Dietary Patterns and Determinants of Changing Diets in Bangladesh from 1985 to 2010.

Authors:
Sheela S Sinharoy
Sheela S Sinharoy
Emory University
San Jose | United States
Masum Ali
Masum Ali
Helen Keller International
New York | United States
Shakuntala H Thilsted
Shakuntala H Thilsted
The Royal Veterinary and Agricultural University
Denmark
Sabine Gabrysch
Sabine Gabrysch
Institute of Public Health
Germany

Curr Dev Nutr 2019 Apr 21;3(4):nzy091. Epub 2018 Nov 21.

Heidelberg Institute of Global Health, Heidelberg University, Heidelberg, Germany.

Background: The government of Bangladesh has implemented multiple policies since 1971 to provide the population with more diverse and nutritious diets.

Objective: The aim of this study was to examine the drivers of dietary change over time and the roles agriculture and economic development have played.

Methods: We used principal component analysis to derive dietary patterns from 7 cross-sectional rounds of the Bangladesh Household [Income and] Expenditure Survey. We then used linear probability models to estimate associations of adherence to dietary patterns with socio-economic characteristics of households, and with agricultural production on the household and regional level. For dietary patterns that increased or decreased over time, Blinder-Oaxaca decomposition was used to assess factors associated with these changes.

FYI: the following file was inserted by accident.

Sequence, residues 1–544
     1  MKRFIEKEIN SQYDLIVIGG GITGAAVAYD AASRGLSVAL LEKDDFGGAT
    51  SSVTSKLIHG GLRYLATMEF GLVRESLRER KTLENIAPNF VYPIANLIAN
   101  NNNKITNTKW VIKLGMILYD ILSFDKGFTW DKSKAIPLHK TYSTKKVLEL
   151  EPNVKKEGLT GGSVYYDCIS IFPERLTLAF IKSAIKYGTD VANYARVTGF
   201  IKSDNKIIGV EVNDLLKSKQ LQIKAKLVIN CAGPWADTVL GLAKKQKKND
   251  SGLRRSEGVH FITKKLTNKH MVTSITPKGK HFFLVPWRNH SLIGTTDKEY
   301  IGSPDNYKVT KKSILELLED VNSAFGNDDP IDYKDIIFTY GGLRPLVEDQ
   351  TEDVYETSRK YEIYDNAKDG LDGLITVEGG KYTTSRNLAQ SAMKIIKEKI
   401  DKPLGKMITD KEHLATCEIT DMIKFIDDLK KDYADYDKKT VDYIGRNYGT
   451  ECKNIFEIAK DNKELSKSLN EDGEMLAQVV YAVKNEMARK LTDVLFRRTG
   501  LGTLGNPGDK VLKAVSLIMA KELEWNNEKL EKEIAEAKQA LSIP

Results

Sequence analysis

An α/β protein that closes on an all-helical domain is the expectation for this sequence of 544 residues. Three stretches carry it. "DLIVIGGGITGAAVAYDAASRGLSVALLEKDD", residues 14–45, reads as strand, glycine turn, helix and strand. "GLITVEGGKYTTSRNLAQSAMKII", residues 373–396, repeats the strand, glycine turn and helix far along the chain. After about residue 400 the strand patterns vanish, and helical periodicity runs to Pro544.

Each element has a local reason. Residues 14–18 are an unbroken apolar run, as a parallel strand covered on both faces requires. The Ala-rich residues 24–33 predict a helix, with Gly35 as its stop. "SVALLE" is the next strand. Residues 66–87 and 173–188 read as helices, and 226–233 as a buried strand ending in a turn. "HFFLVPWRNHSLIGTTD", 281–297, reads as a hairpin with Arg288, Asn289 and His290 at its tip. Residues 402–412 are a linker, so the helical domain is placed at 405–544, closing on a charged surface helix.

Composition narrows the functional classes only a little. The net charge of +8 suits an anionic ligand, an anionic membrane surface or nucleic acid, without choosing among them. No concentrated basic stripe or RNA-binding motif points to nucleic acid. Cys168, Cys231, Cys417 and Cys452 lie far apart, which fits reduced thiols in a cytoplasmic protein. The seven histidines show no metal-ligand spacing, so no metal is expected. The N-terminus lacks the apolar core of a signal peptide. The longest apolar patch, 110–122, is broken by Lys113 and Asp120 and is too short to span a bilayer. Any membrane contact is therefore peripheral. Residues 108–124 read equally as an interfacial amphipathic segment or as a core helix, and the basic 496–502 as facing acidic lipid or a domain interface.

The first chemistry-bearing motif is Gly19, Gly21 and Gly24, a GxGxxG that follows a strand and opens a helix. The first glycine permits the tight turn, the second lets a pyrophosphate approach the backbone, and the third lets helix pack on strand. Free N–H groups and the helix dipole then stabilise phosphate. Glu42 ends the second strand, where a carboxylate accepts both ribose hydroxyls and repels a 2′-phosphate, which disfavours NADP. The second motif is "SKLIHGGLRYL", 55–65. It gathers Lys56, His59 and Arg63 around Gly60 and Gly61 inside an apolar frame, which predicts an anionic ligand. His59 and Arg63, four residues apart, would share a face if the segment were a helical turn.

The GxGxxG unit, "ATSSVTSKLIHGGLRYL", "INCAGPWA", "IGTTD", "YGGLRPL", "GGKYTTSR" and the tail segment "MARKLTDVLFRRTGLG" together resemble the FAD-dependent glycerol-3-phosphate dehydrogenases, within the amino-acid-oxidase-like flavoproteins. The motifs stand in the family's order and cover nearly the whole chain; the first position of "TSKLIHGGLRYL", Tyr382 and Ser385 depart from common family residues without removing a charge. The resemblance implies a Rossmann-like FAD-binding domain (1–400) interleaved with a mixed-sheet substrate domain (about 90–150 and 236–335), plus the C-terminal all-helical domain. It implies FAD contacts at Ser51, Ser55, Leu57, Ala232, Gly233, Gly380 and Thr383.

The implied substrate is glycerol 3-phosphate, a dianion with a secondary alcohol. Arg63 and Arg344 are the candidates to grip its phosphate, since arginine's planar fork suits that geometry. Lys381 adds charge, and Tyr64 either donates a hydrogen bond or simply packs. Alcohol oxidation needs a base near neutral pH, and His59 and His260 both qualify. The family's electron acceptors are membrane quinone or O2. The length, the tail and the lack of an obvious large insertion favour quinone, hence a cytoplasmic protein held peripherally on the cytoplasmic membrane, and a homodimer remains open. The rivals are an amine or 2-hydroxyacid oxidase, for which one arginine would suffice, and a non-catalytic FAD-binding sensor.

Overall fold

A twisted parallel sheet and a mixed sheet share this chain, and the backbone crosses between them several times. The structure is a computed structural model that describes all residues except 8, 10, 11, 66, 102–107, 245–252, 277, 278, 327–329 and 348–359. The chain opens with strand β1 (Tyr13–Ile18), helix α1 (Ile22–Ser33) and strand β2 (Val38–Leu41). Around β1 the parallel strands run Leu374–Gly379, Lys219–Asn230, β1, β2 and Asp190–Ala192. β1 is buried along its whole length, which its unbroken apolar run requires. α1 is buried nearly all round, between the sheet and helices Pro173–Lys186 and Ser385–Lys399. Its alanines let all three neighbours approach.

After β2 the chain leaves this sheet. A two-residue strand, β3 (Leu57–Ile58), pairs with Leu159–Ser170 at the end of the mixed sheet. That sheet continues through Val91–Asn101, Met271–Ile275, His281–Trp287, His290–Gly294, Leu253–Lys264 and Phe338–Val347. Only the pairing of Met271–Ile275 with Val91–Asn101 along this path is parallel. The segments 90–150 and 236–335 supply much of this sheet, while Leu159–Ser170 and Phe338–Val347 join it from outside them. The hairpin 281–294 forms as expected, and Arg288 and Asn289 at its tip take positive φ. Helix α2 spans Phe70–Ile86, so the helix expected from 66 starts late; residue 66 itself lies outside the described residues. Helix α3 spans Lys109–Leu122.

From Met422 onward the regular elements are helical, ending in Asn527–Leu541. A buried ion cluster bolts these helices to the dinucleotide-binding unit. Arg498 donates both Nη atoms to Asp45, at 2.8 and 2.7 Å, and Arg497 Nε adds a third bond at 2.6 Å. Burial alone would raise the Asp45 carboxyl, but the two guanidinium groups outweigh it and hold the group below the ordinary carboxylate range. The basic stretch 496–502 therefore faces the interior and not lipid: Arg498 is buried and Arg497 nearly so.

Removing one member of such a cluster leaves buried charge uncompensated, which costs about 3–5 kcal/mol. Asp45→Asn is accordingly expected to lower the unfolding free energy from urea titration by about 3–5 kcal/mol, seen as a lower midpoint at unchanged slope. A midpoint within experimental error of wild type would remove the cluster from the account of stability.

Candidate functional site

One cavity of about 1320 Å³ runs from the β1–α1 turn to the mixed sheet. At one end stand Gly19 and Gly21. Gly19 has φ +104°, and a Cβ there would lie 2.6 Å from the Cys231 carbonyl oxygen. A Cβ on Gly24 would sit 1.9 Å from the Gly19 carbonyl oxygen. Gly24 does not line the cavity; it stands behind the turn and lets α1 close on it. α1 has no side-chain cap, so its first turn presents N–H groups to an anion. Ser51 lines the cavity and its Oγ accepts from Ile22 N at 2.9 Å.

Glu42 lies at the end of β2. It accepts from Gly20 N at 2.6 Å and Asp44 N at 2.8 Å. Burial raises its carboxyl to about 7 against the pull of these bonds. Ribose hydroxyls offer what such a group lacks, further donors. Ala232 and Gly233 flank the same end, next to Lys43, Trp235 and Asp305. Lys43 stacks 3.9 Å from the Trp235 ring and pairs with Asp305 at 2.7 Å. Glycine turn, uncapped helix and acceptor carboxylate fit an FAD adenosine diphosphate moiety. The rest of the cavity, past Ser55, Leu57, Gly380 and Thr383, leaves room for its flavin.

Results: Seven dietary patterns were identified: modern, traditional, festival, winter, summer, monotonous, and spices. All diets were present in all survey rounds. In 1985, over 40% of households had diets not associated with any identified pattern, which declined to 12% by 2010. The proportion of the population in households adhering to the modern, winter, summer, and monotonous diets increased over time, whereas the proportion adhering to the traditional diet decreased. Although many factors were associated with adherence to dietary patterns in the pooled sample, changes in observed factors only explained a limited proportion of change over time due to variation in coefficients between periods. Increased real per capita expenditure was the largest driver of elevated adherence to dietary patterns over time, whereas changes in the agricultural system increased adherence to less diverse dietary patterns.

Conclusions: These findings highlight the need for both diversified agricultural production and a continued reduction in poverty in order to drive dietary improvement. This study lays the groundwork for further analysis of the impact of changing diets on health and nutrition.

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Source
https://academic.oup.com/cdn/article/doi/10.1093/cdn/nzy091/
Publisher Site
http://dx.doi.org/10.1093/cdn/nzy091DOI Listing
http://www.ncbi.nlm.nih.gov/pmc/articles/PMC6459985PMC
April 2019
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